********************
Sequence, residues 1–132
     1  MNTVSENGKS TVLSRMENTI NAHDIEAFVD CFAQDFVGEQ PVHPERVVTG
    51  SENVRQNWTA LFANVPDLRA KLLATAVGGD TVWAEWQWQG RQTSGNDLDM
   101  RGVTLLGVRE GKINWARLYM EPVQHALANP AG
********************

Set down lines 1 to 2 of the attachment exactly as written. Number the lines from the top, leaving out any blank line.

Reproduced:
Sequence, residues 1–132
     1  MNTVSENGKS TVLSRMENTI NAHDIEAFVD CFAQDFVGEQ PVHPERVVTG